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Creating Art After a Disaster

Creating Art Based on Your Experience

  • Artists frequently use their life experiences as themes, imagery, and ideas for creating art. In times of crisis, use your emotions or circumstances to tell your story and find inspiration for content and meaning
  • Keep a journal or sketchbook to process and reflect on your experience
  • If you can no longer practice the art form or medium that you are used to, take this opportunity to explore something new and different. Ceramicist and Beneficiary Ben Medansky purchased colored pencils and paper after his entire studio was destroyed in a fire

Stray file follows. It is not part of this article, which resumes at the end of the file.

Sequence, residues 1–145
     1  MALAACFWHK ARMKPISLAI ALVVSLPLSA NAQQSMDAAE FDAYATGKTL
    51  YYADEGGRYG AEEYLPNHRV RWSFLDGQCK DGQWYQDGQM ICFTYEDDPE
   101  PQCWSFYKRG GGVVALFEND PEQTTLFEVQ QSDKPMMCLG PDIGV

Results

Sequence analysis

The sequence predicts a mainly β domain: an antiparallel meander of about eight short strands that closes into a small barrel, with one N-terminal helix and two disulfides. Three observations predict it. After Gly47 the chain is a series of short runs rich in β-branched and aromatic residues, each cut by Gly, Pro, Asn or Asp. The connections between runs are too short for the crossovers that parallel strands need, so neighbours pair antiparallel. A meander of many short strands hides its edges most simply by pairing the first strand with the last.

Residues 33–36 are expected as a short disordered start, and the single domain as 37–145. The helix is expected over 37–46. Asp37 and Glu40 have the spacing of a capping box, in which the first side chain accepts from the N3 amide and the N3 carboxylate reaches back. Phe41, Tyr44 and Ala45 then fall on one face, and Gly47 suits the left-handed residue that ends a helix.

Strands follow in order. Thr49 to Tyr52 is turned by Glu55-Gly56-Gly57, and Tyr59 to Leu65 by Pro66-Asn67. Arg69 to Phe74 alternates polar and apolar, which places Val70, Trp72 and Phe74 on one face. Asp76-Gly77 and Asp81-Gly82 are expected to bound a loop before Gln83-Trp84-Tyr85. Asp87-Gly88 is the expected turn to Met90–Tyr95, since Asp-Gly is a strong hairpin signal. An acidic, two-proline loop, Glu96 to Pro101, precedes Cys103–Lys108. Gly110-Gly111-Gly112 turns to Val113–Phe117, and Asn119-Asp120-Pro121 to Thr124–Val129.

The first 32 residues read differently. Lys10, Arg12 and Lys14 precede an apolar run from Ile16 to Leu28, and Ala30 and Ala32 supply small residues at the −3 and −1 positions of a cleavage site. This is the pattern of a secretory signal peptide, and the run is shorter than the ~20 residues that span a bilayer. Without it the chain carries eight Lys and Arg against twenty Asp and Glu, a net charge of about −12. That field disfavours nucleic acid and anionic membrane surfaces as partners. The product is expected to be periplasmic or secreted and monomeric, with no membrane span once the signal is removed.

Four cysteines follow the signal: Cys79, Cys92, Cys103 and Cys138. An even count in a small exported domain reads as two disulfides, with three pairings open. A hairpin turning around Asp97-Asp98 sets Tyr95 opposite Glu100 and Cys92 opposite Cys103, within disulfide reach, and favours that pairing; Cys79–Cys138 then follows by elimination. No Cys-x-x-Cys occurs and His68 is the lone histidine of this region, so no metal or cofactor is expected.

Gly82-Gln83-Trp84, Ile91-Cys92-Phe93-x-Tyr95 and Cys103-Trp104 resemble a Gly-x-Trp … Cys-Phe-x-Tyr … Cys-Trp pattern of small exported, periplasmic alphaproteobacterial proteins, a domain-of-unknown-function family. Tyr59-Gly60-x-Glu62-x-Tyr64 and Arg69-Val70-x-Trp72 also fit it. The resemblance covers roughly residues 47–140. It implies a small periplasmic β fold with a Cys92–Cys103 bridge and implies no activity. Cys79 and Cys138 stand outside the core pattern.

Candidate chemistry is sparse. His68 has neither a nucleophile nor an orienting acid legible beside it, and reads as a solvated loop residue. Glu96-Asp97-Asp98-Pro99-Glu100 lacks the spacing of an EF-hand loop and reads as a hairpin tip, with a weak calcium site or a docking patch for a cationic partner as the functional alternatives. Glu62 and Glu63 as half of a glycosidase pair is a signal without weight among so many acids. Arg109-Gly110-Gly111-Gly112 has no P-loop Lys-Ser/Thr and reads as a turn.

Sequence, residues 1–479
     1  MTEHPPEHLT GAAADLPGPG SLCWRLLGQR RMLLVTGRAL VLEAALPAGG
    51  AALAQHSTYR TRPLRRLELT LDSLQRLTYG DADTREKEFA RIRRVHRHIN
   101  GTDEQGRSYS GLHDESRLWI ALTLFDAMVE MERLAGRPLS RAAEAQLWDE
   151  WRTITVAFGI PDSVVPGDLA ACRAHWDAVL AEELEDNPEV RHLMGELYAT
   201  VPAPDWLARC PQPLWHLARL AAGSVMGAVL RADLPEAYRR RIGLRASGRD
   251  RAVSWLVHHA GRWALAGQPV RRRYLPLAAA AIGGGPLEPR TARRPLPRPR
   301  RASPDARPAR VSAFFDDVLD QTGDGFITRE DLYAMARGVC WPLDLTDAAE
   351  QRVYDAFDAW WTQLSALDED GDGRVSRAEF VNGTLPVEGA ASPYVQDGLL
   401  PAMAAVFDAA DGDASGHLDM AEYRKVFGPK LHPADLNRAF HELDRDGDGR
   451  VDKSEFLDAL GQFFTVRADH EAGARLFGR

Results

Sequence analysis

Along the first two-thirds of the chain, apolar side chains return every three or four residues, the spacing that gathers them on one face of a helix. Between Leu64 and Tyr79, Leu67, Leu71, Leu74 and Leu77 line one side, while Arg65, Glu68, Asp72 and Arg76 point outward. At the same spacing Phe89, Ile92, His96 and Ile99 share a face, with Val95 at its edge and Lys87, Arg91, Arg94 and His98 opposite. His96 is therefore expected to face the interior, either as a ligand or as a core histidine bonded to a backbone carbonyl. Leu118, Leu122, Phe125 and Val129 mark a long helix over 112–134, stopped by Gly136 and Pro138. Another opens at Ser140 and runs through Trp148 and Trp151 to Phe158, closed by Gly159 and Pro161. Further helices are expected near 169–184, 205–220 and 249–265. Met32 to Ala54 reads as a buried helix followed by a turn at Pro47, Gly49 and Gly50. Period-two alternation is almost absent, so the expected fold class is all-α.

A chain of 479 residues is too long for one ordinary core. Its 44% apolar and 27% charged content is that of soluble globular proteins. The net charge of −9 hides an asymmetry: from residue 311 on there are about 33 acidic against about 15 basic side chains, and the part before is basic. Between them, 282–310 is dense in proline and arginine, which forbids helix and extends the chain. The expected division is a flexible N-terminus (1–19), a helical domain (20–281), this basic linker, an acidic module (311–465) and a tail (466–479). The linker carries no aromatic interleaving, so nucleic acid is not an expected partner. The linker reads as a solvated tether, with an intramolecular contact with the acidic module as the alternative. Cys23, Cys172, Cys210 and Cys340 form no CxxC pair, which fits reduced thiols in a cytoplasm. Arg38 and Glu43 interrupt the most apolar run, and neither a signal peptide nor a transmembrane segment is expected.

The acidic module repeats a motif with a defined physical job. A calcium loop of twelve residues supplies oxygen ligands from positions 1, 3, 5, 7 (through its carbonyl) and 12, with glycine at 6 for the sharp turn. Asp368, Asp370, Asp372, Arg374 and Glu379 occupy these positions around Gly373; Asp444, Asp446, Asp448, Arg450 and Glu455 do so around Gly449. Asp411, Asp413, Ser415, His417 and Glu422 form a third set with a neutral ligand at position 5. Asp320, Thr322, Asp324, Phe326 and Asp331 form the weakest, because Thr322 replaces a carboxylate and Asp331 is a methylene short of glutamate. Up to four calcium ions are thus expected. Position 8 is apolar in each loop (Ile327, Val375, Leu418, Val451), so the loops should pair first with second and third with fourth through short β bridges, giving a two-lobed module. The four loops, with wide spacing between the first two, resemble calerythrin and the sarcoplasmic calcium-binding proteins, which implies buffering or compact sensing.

• Create art by safely upcycling disaster debris and found objects to create temporary public art, memorials and community based projects as well as your own artwork
  • Allow yourself time to recover and gradually accept your “new normal”. Practice self-care and avoid isolating yourself from others

Expanding Your Creative Network


Traumatic Experiences can:

  • Provide perspective
    • Make you more aware of the “big picture” and your  place in it
    • Help you focus on the here and now
    • Provide clarity on what you want
    • Inspire you to give back to others through you art or other efforts
  • Change your priorities
    • Slow down
    • Simplify
  • Change your attitudes
    • It’s okay to be a receiver now and then
    • Setbacks or challenges can be opportunities
    • Accept what has happened and embrace the “new normal”
  • Provide chances for growth/learning
    • Open to reflection and reevaluation
    • Learn about your strengths and weaknesses
    • Form new connections and stronger connections with others
      • Get prepared in case of another emergency